Early surgery appears a better option than conventional management among asymptomatic patients with severe aortic stenosis (AS), according to new findings presented at the American Heart Association 2019 Scientific Sessions in Philadelphia.
Study researchers randomly assigned asymptomatic patients with severe AS to either undergo early surgery (n=73) or receive conventional treatment (n=72). The key endpoint was defined as a composite of operative mortality or cardiovascular (CV) death, while the secondary endpoint was all-cause mortality. The subjects were followed-up on for an average of 6.2 years.
Both treatment groups were generally well balanced with respect to baseline clinical characteristics. The researchers observed that in the early surgery group, 94.5% of patients underwent surgery within two months after randomization, and 72.2% in the conventional treatment group underwent either elective or urgent surgery due to symptom onset during the follow-up period. The researchers noted that there was no operative mortality among subjects who underwent early or late surgery.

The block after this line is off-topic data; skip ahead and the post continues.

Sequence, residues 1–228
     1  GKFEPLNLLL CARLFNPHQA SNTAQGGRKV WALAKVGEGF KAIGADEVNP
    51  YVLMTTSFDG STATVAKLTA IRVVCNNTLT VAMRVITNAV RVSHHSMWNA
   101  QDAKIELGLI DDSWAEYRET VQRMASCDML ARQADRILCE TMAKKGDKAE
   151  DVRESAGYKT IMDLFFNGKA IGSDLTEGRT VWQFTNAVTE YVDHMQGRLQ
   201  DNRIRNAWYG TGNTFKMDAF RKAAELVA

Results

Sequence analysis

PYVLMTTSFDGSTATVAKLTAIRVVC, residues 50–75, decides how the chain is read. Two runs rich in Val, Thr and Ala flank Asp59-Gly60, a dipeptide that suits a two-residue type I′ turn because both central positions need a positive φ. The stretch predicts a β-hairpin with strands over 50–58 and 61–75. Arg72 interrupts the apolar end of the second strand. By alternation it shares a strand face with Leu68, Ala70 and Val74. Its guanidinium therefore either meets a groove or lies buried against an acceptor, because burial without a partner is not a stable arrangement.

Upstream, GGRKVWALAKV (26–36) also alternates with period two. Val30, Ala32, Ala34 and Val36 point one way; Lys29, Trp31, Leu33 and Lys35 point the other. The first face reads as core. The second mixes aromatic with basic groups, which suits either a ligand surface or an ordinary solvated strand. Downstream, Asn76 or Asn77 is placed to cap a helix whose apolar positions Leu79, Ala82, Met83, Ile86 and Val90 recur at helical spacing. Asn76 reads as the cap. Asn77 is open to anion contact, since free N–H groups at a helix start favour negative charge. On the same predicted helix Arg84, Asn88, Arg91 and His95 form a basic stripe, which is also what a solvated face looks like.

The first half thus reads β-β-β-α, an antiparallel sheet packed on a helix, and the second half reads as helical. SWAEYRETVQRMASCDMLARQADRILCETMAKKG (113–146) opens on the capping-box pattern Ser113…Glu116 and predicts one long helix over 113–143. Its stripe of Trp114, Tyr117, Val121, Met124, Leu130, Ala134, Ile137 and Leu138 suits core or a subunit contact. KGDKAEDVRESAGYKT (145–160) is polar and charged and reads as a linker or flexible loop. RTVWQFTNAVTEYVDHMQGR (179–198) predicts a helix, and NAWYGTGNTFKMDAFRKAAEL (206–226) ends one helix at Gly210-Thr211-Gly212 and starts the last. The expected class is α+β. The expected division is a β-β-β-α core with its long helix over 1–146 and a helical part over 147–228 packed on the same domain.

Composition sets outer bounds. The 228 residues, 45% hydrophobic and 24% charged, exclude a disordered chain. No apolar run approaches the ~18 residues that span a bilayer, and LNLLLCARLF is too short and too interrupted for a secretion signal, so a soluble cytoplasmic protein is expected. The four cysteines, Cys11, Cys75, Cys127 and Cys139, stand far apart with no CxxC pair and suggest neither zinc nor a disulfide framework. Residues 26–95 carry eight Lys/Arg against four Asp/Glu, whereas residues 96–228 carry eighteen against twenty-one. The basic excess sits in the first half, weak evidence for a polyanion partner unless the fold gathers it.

A subsequent intention-to-treat analysis comprised of all patients showed that 1.4% of 73 patients assigned to early surgery and 15.3% of 72 patients assigned to conventional treatment died from CV causes. Overall, the rate of the primary end point was 1.4% at four and eight years in the early surgery group juxtaposed with 5.7% at four years and 25.5% at eight years in the conventional treatment group with a total of five all-cause mortalities occurring in the early surgery group and 15 occurred in the conventional treatment group.
“Among asymptomatic patients with severe AS, the rates of the composite of operative or CV death, and death from any cause were significantly lower with early surgery than with conventional treatment,” the researchers wrote of the results.